things I am going to tell you are all true. Absolutely, completely, totally true.
for the small things I change. Because I have to. But only events, times, names
these are very complicated and most confidential affairs, and shady events,
leading to dark happenings.
are secrets hiding away in history.
I am trusting to your silence. Also,
I have to protect you.
you own safety.
would harm you to speak of any of this. Because you shouldn't know it. Not any
of it. So best keep quiet as a mouse. And blind as a mole.
Even now, I don’t understand
everything. To grasp it all you would need to speak Georgian like a native,
tell dirty jokes like a Mingrelian secret-policeman, have a reindeer-horn
pocket knife, with one of those special can-opener attachments, be able to
drink two bottles of pepper vodka and still stay sober, be a consultant in
Neurology, and a senior member of the Politburo, with a doctorate in
Things are hidden within other
things, like a nest of wooden dolls. There’s murder, medicine, theatre,
cookery, juggling, skulduggery, impersonation, elephants, fate, within a
whodunit, inside a mystery, wrapped in a tissue of lies, stuffed in a cardboard
box, locked up in the under-stairs cupboard.
events I write about began in 1953, one year ago, in Karasovo, near The
Kapital, when Papa and I get dragged off in the middle of the night to visit
some very important people.
More than important, I'd say.
Scarface Joe, Felix the Juggler, Alexsei the Actor, Lev, Georgy, Nikita,
Nicolai, Matryona the Maid, and shit-face-Erik
don't be fooled too easily. These are not their actual, factual names. It is
dangerous to speak their full, real names. Ditto, real places. And other stuff.
are several titles and personages I cannot even mention – like The Gardener of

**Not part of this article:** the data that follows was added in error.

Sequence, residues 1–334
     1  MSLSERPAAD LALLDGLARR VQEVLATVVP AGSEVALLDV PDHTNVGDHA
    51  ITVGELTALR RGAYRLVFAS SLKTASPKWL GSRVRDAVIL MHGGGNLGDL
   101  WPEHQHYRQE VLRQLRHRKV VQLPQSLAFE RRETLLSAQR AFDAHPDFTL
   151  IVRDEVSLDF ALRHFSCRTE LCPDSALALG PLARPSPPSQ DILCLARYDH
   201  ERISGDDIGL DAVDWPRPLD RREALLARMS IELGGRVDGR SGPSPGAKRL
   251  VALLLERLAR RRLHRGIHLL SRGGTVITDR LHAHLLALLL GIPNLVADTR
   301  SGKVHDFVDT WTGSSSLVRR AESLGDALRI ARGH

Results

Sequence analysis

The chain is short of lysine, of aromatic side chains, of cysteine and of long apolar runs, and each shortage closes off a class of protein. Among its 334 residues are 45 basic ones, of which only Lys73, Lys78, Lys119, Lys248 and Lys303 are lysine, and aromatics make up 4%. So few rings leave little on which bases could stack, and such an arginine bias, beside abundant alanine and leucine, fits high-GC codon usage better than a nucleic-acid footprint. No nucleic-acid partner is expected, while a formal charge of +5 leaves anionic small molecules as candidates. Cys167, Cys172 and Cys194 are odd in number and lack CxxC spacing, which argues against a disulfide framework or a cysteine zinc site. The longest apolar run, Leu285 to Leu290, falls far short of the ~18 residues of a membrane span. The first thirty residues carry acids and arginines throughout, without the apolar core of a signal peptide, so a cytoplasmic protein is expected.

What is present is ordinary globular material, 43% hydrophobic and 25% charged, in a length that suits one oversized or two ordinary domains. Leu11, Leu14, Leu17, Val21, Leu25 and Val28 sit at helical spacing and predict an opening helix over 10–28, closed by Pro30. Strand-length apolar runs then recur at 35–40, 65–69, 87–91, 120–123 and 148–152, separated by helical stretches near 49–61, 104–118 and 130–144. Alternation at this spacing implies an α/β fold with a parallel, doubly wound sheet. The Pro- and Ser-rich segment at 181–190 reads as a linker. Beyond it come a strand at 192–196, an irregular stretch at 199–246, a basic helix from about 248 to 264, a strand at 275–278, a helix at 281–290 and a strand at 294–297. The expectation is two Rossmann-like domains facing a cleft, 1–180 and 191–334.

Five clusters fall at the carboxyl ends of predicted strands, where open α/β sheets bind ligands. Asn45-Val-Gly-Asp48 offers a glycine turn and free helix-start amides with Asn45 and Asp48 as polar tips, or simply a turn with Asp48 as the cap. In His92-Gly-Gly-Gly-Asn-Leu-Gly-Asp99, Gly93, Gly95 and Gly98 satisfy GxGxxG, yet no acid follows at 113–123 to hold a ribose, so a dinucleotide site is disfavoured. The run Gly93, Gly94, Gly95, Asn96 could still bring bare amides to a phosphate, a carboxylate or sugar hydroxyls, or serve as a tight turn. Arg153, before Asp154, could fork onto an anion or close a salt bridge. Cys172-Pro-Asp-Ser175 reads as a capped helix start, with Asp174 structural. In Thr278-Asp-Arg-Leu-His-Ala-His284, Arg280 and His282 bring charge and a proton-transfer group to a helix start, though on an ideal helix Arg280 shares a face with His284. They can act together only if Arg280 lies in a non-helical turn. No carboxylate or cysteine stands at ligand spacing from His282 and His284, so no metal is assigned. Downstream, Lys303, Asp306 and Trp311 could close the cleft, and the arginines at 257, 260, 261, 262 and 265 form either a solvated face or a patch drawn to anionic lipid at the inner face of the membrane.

Human Happiness, Engineer of Human Souls, First Secretary, Deputy Prime
Minister, Duty Officer, Marshal of the Slavic Union, Pavel the Gatekeeper, and
But spending time with the
un-nameable, top-rank people you quickly get sucked deep into shit, in the
sewer of politics. Forgive my Bulgarian. Before you know it, you are sunk up to
your neck in trouble. Then you are over your head in history.
So let me share the advice Papa gives me -
Don’t slouch. Don't
smile at strangers. People misunderstand. These are grave times. Be warned.
Blow your nose, you're dribbling. Pay close attention. Stop gibbering like a
demented gibbon. Mind your manners. Stay on your guard. Try not to scuff your
shoes when you walk. Brush your teeth, morning and evening. Get an early night
when you can. Keep your head down. Change your underpants. Don’t confide in
strangers. Shut the door, for Pity's sake. Keep your lips sealed. If people ask
you awkward questions, act simple-minded. Go to the lavatory when you can. You
don’t know when the chance will come again. Don’t prattle on like a total
idiot. Above all, don’t mention politics, or voice opinions off the top of your
says the song of our time is silence, and the moral is 'Shhh.'
best not even to state the obvious, or hint at what everyone knows.
are living in an age that hugs silence and befriends the mute.
national anthem has become a breathless hush.
says, if you have to open your mouth, you should make sure that whatever you
say is as bald and plain as a boiled noodle, and has been first approved by a
Central Committee, published in The Daily
Truth, or incorporated into a Five Year Plan. All praise to Comrade
Iron-Man, Man of Steel, Kind Uncle, and Father of Our Nation.
all, you mustn’t make jokes.
not this one –
Question: What has a
thousand legs and eat potatoes?
Answer: A Kapital
that was the very remark that gets Andrei Maximov sent to the work-camps for
eleven years. So it’s not worth telling it. Not in the long run. Just to pass
the time with a stranger on a tram, who then smirks, then arrests you. Because